How a Virtual Internship Made a Real and Lasting Impact
Interns are a critical part of the Argo culture. We see our intern program as a way to feed fresh talent into the organization and an opportunity to develop a pipeline of future employees. We hire these students to infuse new skills and energy into the company, with the goal that the experience will be just as beneficial for them as it is for us.
This year’s summer internship program, our third annual, was not without its unique challenges. I will admit that I was concerned that our pivot to a remote program due to the COVID-19 pandemic would impact our ability to offer the same experience that our past interns have loved. But our class of 37 undergrad and postgrad interns made the very best of the situation.
Interns participated in just about every aspect of the development of our self-driving system. They coded. They tested. They built new technologies. Several PhD candidate interns continued to play pivotal roles in leading several elements of our Argoverse dataset and annual competition. In fact, this year’s program will go down in Argo history as one of the most memorable — not only because of their incredible contributions to our teams, but also for the remarkably strong bonds they made across the company.
Having managed several internship programs in the past, I believe that the incredible enthusiasm our employees show towards our interns sets this program apart from others. An intern at Argo will always be welcomed as a member of the team. While their initial employment under the internship program may be temporary, they become and remain a part of Argo. This summer, we had to be creative to make their remote experience more engaging. We held weekly Lunch and Learns to expose them to other teams, developed resource guides to make company information readily available, and created a “micro” support group led by intern alumni (and current Argo employees) to answer any and all questions. More than once, I was told that compared to past, in-person internships, our interns felt more connected and better engaged to their teams — mission accomplished!
Normally our intern program ends when schools resume in the fall. This year, however, we gave interns an option to continue virtually, since many colleges and universities have been conducting classes remotely. Sixteen extended their involvement with us through the end of the year — making this the biggest fall intern class we have ever had.
Here’s the rundown on four of our all-star interns and what they accomplished.
Akshana has never shied away from putting in the work to achieve his goals. In eighth grade, when he wanted his first smartphone, his father promised to buy him one as soon as he wrote an app that could run on it. And so Akshana coded his first-ever mobile app, which calculated users’ carbon footprints based on their energy-usage habits.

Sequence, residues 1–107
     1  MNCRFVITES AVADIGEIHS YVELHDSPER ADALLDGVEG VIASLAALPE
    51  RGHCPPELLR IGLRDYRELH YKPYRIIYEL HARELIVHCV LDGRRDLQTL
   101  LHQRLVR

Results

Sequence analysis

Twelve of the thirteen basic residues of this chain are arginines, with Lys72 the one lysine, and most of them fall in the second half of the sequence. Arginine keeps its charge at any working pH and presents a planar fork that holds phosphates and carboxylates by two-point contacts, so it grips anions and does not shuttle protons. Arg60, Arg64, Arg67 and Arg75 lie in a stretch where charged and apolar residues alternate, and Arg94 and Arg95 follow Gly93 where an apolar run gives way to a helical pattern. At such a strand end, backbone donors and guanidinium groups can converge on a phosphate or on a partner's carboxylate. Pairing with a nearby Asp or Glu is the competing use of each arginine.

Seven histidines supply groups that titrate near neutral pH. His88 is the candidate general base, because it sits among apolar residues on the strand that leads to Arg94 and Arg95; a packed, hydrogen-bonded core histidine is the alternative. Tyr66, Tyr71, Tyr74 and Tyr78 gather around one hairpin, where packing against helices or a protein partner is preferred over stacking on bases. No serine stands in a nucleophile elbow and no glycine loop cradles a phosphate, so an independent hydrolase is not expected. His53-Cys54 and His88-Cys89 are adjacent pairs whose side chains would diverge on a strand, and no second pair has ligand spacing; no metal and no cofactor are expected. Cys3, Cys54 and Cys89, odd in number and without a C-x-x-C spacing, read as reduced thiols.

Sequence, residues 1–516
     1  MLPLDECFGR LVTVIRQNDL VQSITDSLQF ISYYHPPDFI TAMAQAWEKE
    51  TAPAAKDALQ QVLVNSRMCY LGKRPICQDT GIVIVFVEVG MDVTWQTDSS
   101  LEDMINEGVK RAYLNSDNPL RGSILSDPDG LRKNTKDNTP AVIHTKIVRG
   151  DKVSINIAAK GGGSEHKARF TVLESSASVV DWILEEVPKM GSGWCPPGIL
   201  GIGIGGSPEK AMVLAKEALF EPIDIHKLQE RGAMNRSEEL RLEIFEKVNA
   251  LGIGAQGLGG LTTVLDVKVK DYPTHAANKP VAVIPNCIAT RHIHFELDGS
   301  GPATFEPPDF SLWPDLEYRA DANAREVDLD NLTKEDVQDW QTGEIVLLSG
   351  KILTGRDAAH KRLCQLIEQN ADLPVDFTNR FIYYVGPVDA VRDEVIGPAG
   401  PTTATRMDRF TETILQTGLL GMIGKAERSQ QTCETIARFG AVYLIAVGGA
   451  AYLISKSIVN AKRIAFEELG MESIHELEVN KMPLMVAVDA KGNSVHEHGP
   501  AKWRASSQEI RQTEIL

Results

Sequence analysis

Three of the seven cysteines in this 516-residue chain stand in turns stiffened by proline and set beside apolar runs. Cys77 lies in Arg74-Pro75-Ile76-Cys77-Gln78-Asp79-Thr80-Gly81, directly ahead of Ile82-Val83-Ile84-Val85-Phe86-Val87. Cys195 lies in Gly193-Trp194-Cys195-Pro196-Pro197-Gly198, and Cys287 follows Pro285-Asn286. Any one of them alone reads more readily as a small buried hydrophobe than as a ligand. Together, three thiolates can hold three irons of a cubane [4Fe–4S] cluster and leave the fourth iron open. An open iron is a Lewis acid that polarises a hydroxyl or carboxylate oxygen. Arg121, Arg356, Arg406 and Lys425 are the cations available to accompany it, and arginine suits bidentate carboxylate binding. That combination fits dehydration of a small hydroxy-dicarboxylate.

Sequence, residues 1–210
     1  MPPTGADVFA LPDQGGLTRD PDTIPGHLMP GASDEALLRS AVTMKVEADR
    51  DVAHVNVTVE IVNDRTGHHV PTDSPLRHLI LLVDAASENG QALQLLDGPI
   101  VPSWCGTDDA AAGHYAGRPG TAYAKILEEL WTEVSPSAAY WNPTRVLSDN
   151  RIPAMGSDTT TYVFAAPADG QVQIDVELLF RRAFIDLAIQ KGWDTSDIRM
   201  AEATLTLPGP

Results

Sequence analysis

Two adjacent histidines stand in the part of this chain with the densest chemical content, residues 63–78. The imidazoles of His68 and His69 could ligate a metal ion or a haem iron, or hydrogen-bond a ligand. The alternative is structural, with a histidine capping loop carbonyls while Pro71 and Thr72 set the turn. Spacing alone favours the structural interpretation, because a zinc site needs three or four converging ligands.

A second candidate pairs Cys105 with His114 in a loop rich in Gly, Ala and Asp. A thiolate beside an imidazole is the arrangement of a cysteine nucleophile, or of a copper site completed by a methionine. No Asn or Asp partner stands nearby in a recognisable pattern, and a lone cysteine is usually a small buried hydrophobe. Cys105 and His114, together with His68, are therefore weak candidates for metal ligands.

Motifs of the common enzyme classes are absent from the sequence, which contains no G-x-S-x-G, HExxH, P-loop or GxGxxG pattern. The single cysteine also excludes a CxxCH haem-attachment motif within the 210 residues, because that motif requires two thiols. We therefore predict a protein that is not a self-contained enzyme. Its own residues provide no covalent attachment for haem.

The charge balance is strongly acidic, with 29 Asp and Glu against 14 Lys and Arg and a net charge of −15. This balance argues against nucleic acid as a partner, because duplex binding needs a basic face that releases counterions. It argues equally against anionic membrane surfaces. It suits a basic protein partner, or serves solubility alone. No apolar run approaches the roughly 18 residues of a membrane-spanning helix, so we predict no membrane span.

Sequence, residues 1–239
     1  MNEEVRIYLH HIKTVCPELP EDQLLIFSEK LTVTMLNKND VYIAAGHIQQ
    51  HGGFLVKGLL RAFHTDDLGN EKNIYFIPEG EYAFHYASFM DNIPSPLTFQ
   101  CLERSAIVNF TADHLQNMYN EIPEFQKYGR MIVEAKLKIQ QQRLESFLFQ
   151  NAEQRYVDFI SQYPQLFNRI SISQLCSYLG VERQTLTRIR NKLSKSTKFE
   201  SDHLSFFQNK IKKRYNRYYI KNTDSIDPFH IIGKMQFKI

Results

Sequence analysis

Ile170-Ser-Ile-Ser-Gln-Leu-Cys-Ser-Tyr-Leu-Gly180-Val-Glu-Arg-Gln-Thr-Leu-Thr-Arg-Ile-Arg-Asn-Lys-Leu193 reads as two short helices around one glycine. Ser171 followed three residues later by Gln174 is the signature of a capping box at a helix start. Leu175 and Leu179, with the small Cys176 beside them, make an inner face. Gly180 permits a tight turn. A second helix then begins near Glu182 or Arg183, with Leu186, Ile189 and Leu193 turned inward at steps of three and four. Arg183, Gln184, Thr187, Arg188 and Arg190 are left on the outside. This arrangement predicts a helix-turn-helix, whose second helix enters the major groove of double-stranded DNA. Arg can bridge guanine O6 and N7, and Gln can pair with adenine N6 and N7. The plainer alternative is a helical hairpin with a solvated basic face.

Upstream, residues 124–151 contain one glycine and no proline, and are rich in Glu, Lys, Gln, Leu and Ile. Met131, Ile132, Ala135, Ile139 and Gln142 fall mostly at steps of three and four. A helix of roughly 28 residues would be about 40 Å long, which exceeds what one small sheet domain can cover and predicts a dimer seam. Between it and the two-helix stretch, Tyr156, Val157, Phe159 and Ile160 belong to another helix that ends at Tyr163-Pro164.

His sophomore year, Akshana and two classmates co-founded Steel City Codes, a program that provides free computer science education to kids in the Pittsburgh area. Last year, he met Argo AI founder Bryan Salesky when Argo became a partner of Steel City Codes, and Bryan invited Akshana and his fellow co-founders as guests on the No Parking podcast. Akshana knew from that meeting that Argo was the kind of place where he wanted to work. And so, after graduating from North Allegheny Senior High School in June, he reached out to us to ask for an internship, and we were more than happy to have him join the team.
Akshana is taking part in Argo AI’s internship program during his gap year before attending Stanford next fall. As a Software Engineer Intern on the Prediction team, he’s been working on a tool to visualize and inspect the high-dimensional embeddings produced by Argo deep forecasting models. This helps the team understand what the deep forecasting models are learning and identify areas for improvement.
As an 18-year-old tackling sophisticated machine learning algorithms, Akshana says, the learning curve was steep at first. That’s why the mentorship of his manager, Senior Software Engineer Andrew Hartnett, has been so significant. The Prediction team was “extremely helpful getting me up to speed and giving me a bunch of access to resources outside of just this project,” Akshana explains, “so I could get a greater understanding of what was going on and a greater understanding of how this project played into the bigger picture.”
Their teaching has yielded fast results. Early on, Akshana was only able to use the model to predict for the trajectory a single agent based solely off of their previous actions— like the path of one pedestrian walking on a street alone — instead of incorporating the various complex social interactions and behavior of multiple actors at once (which is what our vehicles encounter every day on public roads). Then one day, he had a breakthrough. “The first time I was able to get the model working with inputting more than one agent,” Akshana says, “was extremely exciting.”
One day, Akshana hopes to found his own software company. He doesn’t know what the specifics will look like yet, but in all likelihood it will have something to do with “using technology to improve conditions” for people around the world. As a leader, Akshana will surely emulate the values he admires most in his employers at Argo: “It’s amazing how much they’ve helped me grow, not only as an engineer, but also as a person.”